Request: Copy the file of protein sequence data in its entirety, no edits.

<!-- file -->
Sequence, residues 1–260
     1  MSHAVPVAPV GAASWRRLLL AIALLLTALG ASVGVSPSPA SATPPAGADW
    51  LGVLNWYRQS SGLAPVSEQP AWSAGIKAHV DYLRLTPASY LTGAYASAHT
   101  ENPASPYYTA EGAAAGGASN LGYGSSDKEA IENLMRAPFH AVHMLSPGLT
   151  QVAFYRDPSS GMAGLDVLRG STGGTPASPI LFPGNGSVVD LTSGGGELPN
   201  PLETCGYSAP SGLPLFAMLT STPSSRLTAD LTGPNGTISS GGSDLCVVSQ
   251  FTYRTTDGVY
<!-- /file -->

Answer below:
Sequence, residues 1–260
     1  MSHAVPVAPV GAASWRRLLL AIALLLTALG ASVGVSPSPA SATPPAGADW
    51  LGVLNWYRQS SGLAPVSEQP AWSAGIKAHV DYLRLTPASY LTGAYASAHT
   101  ENPASPYYTA EGAAAGGASN LGYGSSDKEA IENLMRAPFH AVHMLSPGLT
   151  QVAFYRDPSS GMAGLDVLRG STGGTPASPI LFPGNGSVVD LTSGGGELPN
   201  PLETCGYSAP SGLPLFAMLT STPSSRLTAD LTGPNGTISS GGSDLCVVSQ
   251  FTYRTTDGVY